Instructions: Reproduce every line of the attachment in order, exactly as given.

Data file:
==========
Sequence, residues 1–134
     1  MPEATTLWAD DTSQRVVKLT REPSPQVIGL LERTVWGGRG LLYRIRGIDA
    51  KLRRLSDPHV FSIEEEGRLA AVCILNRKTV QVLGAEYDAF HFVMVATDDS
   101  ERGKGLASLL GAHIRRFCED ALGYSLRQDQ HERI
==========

Sequence, residues 1–134
     1  MPEATTLWAD DTSQRVVKLT REPSPQVIGL LERTVWGGRG LLYRIRGIDA
    51  KLRRLSDPHV FSIEEEGRLA AVCILNRKTV QVLGAEYDAF HFVMVATDDS
   101  ERGKGLASLL GAHIRRFCED ALGYSLRQDQ HERI